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Using Inheritance So You Don't Repeat Yourself & Notes.

rthefounding profile image Randy Rivera ・3 min read
  • There's a principle in programming called Don't Repeat Yourself (DRY). The reason repeated code is a problem is because any change requires fixing code in multiple places. This usually means more work for programmers and more room for errors.

  • Notice in the example below that the eat method is shared by Cat and Bear:

function Cat(name) {
  this.name = name;
}

Cat.prototype = {
  constructor: Cat,
  eat: function() {
    console.log("nom nom nom");
  }
};

function Bear(name) {
  this.name = name;
}

Bear.prototype = {
  constructor: Bear,
  eat: function() {
    console.log("nom nom nom");
  }
};
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  • The eat method is repeated in two places. The code can be edited to follow the DRY principle by creating a supertype (or parent) called Animal:
function Animal() { }

Animal.prototype = {
  constructor: Animal,
  eat: function() {
    console.log("nom nom nom");
  }

};
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  • Since Animal includes the eat method, you can remove it from Cat and Bear:
function Cat(name) {
  this.name = name;
}

Cat.prototype = {
  constructor: Cat
};

function Bear(name) {
  this.name = name;
}

Bear.prototype = {
  constructor: Bear

};

function Animal() { }

Animal.prototype = {
  constructor: Animal,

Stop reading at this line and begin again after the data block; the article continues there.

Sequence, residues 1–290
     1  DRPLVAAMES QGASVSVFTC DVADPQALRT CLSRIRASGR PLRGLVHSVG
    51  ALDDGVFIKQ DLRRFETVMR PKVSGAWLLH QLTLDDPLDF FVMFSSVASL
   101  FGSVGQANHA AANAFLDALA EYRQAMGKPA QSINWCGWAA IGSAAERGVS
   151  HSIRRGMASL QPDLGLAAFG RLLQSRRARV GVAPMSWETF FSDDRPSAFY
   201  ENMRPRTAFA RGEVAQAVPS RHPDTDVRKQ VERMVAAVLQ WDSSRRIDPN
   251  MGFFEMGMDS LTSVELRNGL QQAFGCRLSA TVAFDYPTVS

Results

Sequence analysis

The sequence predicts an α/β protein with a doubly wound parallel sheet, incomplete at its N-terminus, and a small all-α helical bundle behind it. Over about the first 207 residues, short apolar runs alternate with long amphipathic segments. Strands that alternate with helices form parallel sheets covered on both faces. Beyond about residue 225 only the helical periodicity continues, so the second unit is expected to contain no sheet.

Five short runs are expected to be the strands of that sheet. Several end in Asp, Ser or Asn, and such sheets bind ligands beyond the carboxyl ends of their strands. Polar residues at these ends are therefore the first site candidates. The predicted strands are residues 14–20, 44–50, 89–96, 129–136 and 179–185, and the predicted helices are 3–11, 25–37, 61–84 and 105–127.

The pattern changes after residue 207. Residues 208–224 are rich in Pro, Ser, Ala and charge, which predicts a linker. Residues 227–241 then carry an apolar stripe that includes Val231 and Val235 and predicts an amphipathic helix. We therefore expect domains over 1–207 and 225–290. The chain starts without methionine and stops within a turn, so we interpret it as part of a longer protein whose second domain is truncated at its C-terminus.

eat: function() {
    console.log("nom nom nom");
  }

};
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  • We just edited the code in the spirit of DRY by moving the eat method to the Animal supertype.

Inherit Behaviors from a Supertype

  • In the previous post, we created a supertype called Animal that defined behaviors shared by all animals:
function Animal() { }
Animal.prototype.eat = function() {
  console.log("nom nom nom");
};
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  • This and the next part will cover how to reuse Animal's methods inside Dog without defining them again. It uses a technique called inheritance. This challenge covers the first step: make an instance of the supertype (or parent).
let animal = Object.create(Animal.prototype);
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  • You could also use this,
let animal = new Animal();
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  • but there are some disadvantages when using this syntax for inheritance, which are too complex for the scope of this example.

  • Object.create(obj) creates a new object, and sets obj as the new object's prototype. Recall that the prototype is like the "recipe" for creating an object. By setting the prototype of animal to be Animal's prototype, you are effectively giving the animal instance the same "recipe" as any other instance of Animal.

function Animal() { }

Animal.prototype = {
  constructor: Animal,
  eat: function() {
    console.log("nom nom nom");
  }
};

let beagle = Object.create(Animal.prototype)

beagle.eat(); // will display nom nom nom 
console.log(beagle instanceof Animal); // will display true
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Setting the Child's Prototype to an Instance of the Parent

  • In the previous section you saw the first step for inheriting behavior from the supertype (or parent) Animal: making a new instance of Animal.

  • This post covers the next step: set the prototype of the subtype (or child)—in this case, Dog—to be an instance of Animal.

Dog.prototype = Object.create(Animal.prototype);